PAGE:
(Closed) Dog Paws and Hot Pavement!

posted 6 years ago in Pets
Post # 3
Member
5496 posts
Bee Keeper
  • Wedding: April 2010

I just keep him in the grass on his walks as much as possible when it is this hot out!  Are there any grassy areas where you’ll be down at the beach?

Post # 4
Member
5475 posts
Bee Keeper
  • Wedding: August 2012

Do you carry bottled water with you?  I try to keep the dogs off of hot surfaces, but sometimes you just gotta cross a parking lot!  I pour some water on their feet every so often & try to keep them on the grass as much as possible.

Post # 5
Member
5670 posts
Bee Keeper
  • Wedding: August 2010

I don’t take my dogs for walks in this heat. They both ahve double coats and I can’t imagine they would handle it well. For this heat I have a kiddie pool and fill it up and play ball on the grass in our back yard. Lots of water and ice cubes. But dogs paws are tough, for a short walk to get somewhere I wouldn’t worry about it much. Mine dogs hike in the snow and icy without shoes, certainly not something I would do.

Post # 6
Member
1769 posts
Buzzing bee
  • Wedding: June 2014

I was just asking a vet about this – he said that paws are a lot tougher than human feet – we wear socks and shoes all the time, so any callouses we have are nothing compared to the callouses on animal feet. Obviously you don’t want to leave your dog standing on hot black asphalt all day, but a quick walk accross the block won’t hurt their feet. The vet said you need to worry more about their coats than their feet.

ETA – now I’m seeing other peoples’ responses, so maybe my words should be taken with a grain of salt. FWIW, the vet I was talking to was an exotics vet, so his area of expertice is not domestic cats and dogs. Or maybe it just depends on the dogs? The dogs my parents have had always seem to have tough little pads – I would imagine some dogs might have more sensitive feet?

Post # 7
Member
4275 posts
Honey bee
  • Wedding: April 2012

Fortunately, my dog is little, I carry him. It dosn’t get too hot out here but you can feel the heat coming from the pavement and I will see that it is bothering him. One time I did this while walking across the parking lot and into Petsmart. Other customers saw me doing this and were like “Awwww….you care about his footsies”.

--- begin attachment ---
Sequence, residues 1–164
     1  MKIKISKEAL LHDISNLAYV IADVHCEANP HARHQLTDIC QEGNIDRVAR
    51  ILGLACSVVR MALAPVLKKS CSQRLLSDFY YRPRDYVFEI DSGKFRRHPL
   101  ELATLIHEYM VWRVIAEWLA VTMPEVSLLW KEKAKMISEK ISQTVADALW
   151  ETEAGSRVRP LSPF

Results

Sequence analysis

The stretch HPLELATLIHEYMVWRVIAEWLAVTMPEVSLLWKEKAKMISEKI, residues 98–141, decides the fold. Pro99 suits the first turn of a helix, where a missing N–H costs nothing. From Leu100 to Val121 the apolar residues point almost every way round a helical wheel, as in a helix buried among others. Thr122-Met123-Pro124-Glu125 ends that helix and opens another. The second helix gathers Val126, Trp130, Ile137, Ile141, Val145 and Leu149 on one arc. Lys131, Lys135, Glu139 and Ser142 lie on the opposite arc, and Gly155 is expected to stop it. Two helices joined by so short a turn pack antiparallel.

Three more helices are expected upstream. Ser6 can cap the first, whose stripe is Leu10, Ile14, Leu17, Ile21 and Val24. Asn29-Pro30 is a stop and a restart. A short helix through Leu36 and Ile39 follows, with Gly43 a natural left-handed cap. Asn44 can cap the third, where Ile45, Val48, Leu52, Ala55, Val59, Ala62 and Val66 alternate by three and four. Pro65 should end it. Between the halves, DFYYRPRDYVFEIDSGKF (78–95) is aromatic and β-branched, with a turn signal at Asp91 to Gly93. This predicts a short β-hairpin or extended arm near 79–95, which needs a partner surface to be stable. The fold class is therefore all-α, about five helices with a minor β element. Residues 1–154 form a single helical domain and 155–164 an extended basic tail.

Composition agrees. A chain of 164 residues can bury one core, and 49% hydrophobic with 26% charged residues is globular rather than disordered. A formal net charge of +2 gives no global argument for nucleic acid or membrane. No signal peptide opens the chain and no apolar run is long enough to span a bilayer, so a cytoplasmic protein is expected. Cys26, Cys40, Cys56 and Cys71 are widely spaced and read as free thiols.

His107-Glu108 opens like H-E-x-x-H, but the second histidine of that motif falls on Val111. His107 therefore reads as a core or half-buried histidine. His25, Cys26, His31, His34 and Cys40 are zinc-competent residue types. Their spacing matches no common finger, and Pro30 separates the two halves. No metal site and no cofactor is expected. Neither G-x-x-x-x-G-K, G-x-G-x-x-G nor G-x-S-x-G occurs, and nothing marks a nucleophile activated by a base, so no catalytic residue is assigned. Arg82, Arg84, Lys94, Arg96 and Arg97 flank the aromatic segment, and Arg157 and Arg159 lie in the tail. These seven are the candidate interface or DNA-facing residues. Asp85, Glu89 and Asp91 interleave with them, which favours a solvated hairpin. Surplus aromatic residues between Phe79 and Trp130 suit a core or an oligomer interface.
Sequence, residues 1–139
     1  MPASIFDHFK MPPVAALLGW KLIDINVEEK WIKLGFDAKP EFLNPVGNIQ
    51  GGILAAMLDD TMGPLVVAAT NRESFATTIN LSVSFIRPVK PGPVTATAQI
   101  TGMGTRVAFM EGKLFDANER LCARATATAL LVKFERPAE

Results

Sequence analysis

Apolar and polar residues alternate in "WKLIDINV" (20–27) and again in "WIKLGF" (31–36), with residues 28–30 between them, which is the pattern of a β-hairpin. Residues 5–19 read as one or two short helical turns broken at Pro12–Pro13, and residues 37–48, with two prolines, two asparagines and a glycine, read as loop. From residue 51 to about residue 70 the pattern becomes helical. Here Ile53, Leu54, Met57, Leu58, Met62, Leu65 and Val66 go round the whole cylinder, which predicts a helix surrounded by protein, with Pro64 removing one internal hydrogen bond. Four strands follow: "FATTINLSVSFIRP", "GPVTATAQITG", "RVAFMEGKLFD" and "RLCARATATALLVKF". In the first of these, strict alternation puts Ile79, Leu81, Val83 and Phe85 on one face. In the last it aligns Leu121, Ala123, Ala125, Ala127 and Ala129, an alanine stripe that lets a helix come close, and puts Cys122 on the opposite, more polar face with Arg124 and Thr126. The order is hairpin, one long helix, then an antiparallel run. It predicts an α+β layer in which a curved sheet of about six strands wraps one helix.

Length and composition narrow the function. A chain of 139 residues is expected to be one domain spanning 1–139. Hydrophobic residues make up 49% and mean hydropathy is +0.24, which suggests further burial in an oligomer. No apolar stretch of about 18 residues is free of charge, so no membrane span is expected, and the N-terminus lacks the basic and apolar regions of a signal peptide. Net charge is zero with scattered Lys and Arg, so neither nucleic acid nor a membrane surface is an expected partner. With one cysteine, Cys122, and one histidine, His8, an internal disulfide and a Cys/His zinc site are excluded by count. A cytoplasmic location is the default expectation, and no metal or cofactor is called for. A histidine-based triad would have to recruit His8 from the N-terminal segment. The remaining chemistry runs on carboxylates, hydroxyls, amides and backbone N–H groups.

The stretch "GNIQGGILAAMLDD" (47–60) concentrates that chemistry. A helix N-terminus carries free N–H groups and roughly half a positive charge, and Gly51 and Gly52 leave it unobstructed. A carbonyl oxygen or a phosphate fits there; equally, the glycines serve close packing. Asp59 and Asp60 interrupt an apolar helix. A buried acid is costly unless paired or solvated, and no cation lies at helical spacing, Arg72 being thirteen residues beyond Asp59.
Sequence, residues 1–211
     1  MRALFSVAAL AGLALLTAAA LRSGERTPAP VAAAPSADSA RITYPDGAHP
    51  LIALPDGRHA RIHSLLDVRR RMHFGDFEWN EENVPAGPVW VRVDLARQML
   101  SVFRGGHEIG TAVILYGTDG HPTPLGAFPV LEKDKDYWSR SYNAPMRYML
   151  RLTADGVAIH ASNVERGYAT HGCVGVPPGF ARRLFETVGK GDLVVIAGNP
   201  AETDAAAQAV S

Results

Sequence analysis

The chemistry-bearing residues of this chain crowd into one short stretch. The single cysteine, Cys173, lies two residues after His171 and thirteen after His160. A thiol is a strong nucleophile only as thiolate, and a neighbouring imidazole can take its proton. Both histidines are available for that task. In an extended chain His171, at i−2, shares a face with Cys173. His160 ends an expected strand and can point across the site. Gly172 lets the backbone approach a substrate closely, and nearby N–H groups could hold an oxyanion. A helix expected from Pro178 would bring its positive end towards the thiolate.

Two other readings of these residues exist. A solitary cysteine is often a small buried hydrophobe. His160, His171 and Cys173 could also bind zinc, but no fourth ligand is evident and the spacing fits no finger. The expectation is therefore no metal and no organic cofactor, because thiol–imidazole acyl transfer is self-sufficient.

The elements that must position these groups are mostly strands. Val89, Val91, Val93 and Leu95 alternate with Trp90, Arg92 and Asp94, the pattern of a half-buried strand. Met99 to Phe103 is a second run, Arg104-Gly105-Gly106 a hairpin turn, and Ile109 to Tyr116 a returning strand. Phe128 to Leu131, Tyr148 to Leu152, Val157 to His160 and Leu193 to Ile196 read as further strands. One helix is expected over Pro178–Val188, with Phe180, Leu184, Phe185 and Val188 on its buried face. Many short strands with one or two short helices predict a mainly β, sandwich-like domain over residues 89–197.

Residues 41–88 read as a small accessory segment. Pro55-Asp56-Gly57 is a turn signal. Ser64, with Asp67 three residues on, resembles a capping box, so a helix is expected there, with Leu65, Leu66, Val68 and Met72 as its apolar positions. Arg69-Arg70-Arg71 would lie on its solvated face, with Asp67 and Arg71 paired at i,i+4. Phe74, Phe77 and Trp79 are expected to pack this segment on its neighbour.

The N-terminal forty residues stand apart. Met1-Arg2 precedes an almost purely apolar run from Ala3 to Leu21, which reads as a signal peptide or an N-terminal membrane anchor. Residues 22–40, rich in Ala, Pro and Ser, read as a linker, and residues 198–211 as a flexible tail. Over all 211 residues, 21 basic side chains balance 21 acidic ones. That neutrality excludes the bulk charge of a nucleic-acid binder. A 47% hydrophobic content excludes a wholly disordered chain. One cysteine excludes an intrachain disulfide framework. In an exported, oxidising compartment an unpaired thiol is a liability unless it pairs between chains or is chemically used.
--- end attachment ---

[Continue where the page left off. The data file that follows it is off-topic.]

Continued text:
Damn right I do! Dog is like my baby, I watch him like a hawk. haha!

Post # 8
Member
3625 posts
Sugar bee
  • Wedding: June 2012

I made the mistake once of walking my dog on hot concrete and I totally didn’t think about the heat. She took it like a champ but after a few minutes, we happened to check on her and her poor little paws were totally pink/red! Frown

If your dog is small, you can perhaps carry him/her over the hot spots (e.g. concrete) and then let him/her walk only in the shade/grass? I usually check the ground before I let my dogs walk on it now. If I’m wearing flip flops, I’ll just touch the ground with my foot and if not, I just pat the ground. If it feels warm-ish, I usually hold my hand there for a little while to see if it really heats up because if you think about it, a dog isn’t always constantly on the go and s/he stands still too.

Another option would be to get booties, but I would get the high quality ones that actually feel like people shoes, not like a little thin sock.

Post # 9
Member
13099 posts
Honey Beekeeper
  • Wedding: July 2010

@StL.Ashley:  “paws are a lot tougher than human feet … Obviously you don’t want to leave your dog standing on hot black asphalt all day, but a quick walk accross the block won’t hurt their feet.”

Agreed.  I’ve never done anything special and my dog doesn’t seem bothered in the least.  Snow and ice don’t phase her either.

Post # 10
Member
837 posts
Busy bee
  • Wedding: October 2012

My guys have grown up in Phoenix but Fawkes’s feet have never toughened up. And we’re talking three straight years of going for twice daily walks before we moved into a place with a yard. The sidewalks are too hot for him even crossing from one grassy area to the next. He does this popcorn walk thing, trying to keep his feet off the pavement.

After more than about ten seconds, he whines and rears up on his hind legs with his front paws on my waist, asking to be picked up. He’s 60 pounds and gangly, but he knows how to sit on my hip just like a toddler! 

Post # 11
Member
1351 posts
Bumble bee
  • Wedding: March 2012

I have two Yorkies, and we live downtown. Thankfully, there’s a park literally next door, so we carry them on the cement to the park and then let them do their business. And, we don’t take them on extended walks until after 5-6. 

Post # 12
Member
64 posts
Worker bee

You should try Musher’s Secret:

 

It’s a minty-smelling wax that you rub onto your dog’s paw pads, and it’s good for those dogs (like mine) that refuse to wear booties and weigh 80 lbs 🙂

The main use is to protect against salt/snow, but it also says it’s good for paws on hot asphalt. I haven’t tried it for that yet, but it worked really well for the winter use.

You can get it at Petsmart and it comes in a huuuge tub that lasts forever

Post # 13
Member
1351 posts
Bumble bee
  • Wedding: March 2012

@ellisrobertson:  he knows how to sit on my hip just like a toddler! “


I love it! My boy Yorkie does this too!

Post # 14
Member
1351 posts
Bumble bee
  • Wedding: March 2012

@ByLandAndBySea:  Oh my! I hadn’t even thought of what the snow is going to be like for my little guys now that we’ve moved to the north! How does this stuff work?

Post # 15
Member
2006 posts
Buzzing bee
  • Wedding: April 2012

wow I hadn’t thought of this at all!  Where I live 105 degrees is pretty typical in the summer and I have a new puppy… will be talking to the vet next week about this… for now I’m going to carry him, and set him in the grass.  Thanks for bringing this to my attention

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